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10 Science Must Knows on Climate Change

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Future Earth and the Earth League released their "10 Science Must Knows on Climate Change" at UNFCCC COP23 in Bonn. This is the presentation from the press conference.

Authors: Amy Luers and Johan Rockström

Speakers: Patricia Espinosa, Johan Rockström, John Schellnhuber, Wendy Broadgate, Nick Nuttall

Credit: Owen Gaffney, Kaela Slavik

Published in: Science
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10 Science Must Knows on Climate Change

  1. 1. 10 Science ‘Must Knows’ on climate change Johan Rockström Chair, Earth League, Executive director, Stockholm Resilience Centre Amy Luers Executive Director, Future Earth John Schellnhuber Director, Potsdam Institute for Climate Impact Research Wendy Broadgate Global Hub Director, Future Earth 13 November 2017, UNFCCC, COP23, Bonn Presentation to UNFCCC EXECUTIVE SECRETARY PATRICIA ESPINOSA
  2. 2. 1 Earth has entered a new geological epoch – The Anthropocene Steffen, Broadgate, Deutsch, Gaffney, Ludwig Anthr. Review 2015
  3. 3. 1 Evidence shows that Earth has entered a new geological epoch – the Anthropocene – with profound implications for humanity and the relative stability of the Earth system. Human drivers are extremely likely to have been the dominant cause of the observed warming since the mid-20th century. IPCC, 2014b. Climate Change 2014: Synthesis Report. Contribution of Working Groups I, II and III to the Fifth Assessment Report of the Intergovernmental Panel on Climate Change. IPCC, Geneva, Switzerland.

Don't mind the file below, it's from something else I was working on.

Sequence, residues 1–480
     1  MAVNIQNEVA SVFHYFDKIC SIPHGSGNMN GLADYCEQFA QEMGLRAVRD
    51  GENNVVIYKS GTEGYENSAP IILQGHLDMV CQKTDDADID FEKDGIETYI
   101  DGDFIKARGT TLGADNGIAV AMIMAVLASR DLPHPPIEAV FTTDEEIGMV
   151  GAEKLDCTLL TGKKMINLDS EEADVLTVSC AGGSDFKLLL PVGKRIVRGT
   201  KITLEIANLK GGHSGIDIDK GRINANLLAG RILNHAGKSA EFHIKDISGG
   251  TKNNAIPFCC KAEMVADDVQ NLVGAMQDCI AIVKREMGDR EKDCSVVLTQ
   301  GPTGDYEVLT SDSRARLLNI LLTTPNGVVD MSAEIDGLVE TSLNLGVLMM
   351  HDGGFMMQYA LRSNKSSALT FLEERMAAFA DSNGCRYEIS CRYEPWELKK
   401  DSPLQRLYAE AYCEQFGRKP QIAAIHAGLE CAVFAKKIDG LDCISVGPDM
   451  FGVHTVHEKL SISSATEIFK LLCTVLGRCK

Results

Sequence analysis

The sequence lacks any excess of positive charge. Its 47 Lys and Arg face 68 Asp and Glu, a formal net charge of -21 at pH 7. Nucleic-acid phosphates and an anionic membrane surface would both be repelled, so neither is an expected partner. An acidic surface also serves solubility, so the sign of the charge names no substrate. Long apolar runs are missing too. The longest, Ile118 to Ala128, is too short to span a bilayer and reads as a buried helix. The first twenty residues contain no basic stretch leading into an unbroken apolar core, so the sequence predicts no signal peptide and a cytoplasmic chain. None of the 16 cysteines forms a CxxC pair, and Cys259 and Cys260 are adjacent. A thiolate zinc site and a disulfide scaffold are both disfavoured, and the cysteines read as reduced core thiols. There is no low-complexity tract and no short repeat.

4. 4. 2 Earth is approaching TIPPING POINTS due to human pressures Global average surface temperatures during the last 10,000 years have been remarkably stable. The tipping elements at risk within the Paris range of 1.5-2 °C global warming are shown within the inset. Schellnhuber, H.J., Rahmstorf, S., Winkelmann, R., 2016. “Why the right climate target was agreed in Paris.” Nat. Clim. Chang., 6, 649–653.
  5. 5. 3 Selected significant climate-related events 2016-2017. NOAA, 2017. Selected significant climate anomalies and events [WWW Document]. URL https://www.ncdc.noaa.gov/sotc/service/global/extremes/201707.gif (accessed 24.10.17). Risks of extreme weather are increasing
  6. 6. 4 Rising sea levels and ocean acidification are growing threats In several past warm periods between ice ages temperatures have reached the equivalent of over 1°C above pre-industrial temperatures. Sea levels rose at least six metres Dutton, A., Carlson, A.E., Long, A.J., Milne, G.A., Clark, P.U., DeConto, R., Horton, B.P., Rahmstorf, S., Raymo, M.E., 2015. “Sea-level rise due to polar ice-sheet mass loss during past warm periods.” Science (80-. ), 349,.
  7. 7. Data: IGBP Ocean acidification Summary for Policymakers, editors Broadgate & Gaffney, design Globaia. IMAGE: Roberts 4
  8. 8. 5 The costs of climate change are already being felt today and will increase in the future The calculated economic impact of a rise in temperature of 1 °C is negative in Low-Income Developing Countries (which typically have very warm climates, Temperature = 25 °C) and Emerging Market Economies (warm climates, T = 22 °C), and positive in Advanced Economies (cooler climates, T = 11 °C) International Monetary Fund, 2017. Seeking Sustainable Growth: Short-Term Recovery, Long-Term Challenges. Washington, DC.